On the margins of COP 22, the Secretary-General also participated in a Summit of African heads of State and Government hosted, by King Mohammed VI of Morocco, on November 16. Ban said: “This is a very significant summit – in Africa and about Africa. There is a sense of promise in the air.”
Marrakech, he said, is different from any Conference of Parties (COP) ever held before. “Africa helped bring us to this point. The continent took us from high-stakes negotiations to high-speed ratifications.” He urged all those African countries that have not yet ratified the Paris Agreement to join in shaping a new future.
109 countries accounting for more than 75 percent of greenhouse-gas emissions have ratified the Paris Agreement. But, Ban added: “We still face real and daunting challenges. The Paris Agreement is not a panacea, but it gives us a framework to build on. Now is the time for action.”
Africa is at the forefront. Compared to the global average, temperatures are rising higher in this continent. Out of the 50 countries hit hardest by climate change, 36 are in Africa.
The UN Chief said: “I have seen climate solutions across Africa. This continent is dynamic. Your societies share the hope for a sustainable future – and they have modelled collective action.”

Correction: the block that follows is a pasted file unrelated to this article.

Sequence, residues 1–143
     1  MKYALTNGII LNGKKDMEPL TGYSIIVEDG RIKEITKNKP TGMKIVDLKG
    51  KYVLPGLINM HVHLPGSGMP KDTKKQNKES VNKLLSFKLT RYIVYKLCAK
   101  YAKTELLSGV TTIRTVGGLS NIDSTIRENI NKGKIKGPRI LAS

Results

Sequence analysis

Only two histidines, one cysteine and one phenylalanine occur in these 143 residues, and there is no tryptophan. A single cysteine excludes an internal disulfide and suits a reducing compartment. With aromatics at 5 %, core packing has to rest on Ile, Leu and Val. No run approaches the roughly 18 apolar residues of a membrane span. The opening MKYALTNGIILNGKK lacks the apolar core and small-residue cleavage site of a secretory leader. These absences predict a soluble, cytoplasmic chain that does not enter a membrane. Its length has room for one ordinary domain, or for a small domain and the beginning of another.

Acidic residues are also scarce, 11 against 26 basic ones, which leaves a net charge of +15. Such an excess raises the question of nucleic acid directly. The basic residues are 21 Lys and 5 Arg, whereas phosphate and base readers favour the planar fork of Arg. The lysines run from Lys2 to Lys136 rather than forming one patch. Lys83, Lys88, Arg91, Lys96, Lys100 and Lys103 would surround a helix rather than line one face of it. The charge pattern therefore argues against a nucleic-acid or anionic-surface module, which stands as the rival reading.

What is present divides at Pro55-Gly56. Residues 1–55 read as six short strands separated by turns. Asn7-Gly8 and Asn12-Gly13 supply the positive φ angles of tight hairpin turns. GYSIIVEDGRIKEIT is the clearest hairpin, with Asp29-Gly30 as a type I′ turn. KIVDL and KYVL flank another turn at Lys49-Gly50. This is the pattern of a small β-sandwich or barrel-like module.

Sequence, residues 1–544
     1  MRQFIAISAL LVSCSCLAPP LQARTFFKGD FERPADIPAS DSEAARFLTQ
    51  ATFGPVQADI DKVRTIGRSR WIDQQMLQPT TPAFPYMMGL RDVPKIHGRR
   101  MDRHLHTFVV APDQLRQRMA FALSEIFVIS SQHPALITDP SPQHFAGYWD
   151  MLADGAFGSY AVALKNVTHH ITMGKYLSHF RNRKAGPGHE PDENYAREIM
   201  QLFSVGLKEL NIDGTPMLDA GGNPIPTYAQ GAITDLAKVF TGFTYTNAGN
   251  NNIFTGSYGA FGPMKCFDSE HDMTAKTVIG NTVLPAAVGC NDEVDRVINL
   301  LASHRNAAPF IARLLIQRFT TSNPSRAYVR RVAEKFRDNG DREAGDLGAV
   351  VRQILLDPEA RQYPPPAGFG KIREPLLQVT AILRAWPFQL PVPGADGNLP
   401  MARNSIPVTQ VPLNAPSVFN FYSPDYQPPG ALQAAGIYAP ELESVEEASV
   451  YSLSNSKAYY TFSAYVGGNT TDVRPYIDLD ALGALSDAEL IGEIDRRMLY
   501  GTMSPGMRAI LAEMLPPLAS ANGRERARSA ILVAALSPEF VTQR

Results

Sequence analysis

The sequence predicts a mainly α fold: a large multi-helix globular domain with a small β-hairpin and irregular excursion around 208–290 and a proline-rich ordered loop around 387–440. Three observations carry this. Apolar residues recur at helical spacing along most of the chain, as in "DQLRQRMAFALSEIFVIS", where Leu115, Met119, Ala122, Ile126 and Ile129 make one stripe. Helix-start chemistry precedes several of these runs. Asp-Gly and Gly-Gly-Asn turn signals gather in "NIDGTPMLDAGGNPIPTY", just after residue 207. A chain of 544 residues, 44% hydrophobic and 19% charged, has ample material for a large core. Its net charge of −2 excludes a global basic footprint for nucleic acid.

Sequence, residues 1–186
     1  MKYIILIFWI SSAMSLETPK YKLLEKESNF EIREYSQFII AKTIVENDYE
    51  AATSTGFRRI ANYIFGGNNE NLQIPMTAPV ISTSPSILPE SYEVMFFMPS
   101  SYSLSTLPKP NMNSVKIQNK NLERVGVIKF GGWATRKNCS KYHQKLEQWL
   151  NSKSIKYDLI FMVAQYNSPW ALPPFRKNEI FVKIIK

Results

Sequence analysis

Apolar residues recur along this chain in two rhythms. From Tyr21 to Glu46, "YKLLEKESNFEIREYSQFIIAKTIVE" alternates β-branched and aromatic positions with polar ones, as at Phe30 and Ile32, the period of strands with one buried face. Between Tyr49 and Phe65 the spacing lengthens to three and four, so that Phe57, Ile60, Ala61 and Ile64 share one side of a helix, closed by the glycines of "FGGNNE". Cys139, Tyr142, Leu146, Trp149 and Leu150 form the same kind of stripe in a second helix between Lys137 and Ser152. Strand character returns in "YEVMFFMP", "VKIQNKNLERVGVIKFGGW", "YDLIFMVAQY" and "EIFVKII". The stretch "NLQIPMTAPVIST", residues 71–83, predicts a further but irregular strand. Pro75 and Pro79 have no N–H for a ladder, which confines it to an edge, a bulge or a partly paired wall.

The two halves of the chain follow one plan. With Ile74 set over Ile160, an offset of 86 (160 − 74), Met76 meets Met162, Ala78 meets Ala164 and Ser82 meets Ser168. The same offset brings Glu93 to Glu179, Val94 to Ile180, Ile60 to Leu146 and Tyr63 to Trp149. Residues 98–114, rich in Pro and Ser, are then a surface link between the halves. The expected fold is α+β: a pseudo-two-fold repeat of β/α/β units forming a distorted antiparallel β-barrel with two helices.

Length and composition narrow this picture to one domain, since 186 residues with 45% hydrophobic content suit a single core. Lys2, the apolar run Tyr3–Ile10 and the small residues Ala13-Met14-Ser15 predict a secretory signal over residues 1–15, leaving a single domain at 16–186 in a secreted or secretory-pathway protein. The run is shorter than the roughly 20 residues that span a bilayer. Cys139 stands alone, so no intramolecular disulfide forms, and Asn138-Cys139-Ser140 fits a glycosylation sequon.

Commending the entrepreneurial spirit across Africa, especially among youth, Ban said: “African young people have led projects to achieve sustainable transport. They have planted millions of trees across Africa. Right here in Morocco, youth are leading climate projects for conservation, reforestation and re-vegetation. There are promising young people in all of your countries. They need investments and they deserve empowerment. With the right opportunities, African youth can forge solutions we may not even be able to imagine.”
Last year, at COP21, Africa Governments launched the Africa Renewable Energy Initiative led by the African Union. “It is a testament to the spirit of collaboration that has united the continent in confronting the climate challenge. So is the African Adaptation initiative.”
Africa has tremendous potential to be a global renewable energy leader, Ban said. “This continent has vast solar, wind and geothermal energy resources. The Africa Renewable Energy Initiative will advance this immense potential. It can help boost Africa’s installed renewable energy capacity by 10 gigawatts by 2020. Just a decade later, the increase will be exponentially higher – with an increase of 300 gigawatts.”
He called on partners from both developed and developing countries to scale up investment and technical assistance so as to ensure that policy incentives align with a temperature-rise pathway that is well below 2 degrees.
The outgoing UN Chief recalled that throughout his tenure as Secretary-General, he had depended on many partners from Africa – Government officials, expert scientists, corporate executives and grassroots activists.
Ban recalled what one Ugandan activist, Sylvia Atugonza Kapello, said at the 2014 Climate Summit in New York: “Climate change is a survival issue – not a question of negotiations.” The time for talk is indeed over, added Ban.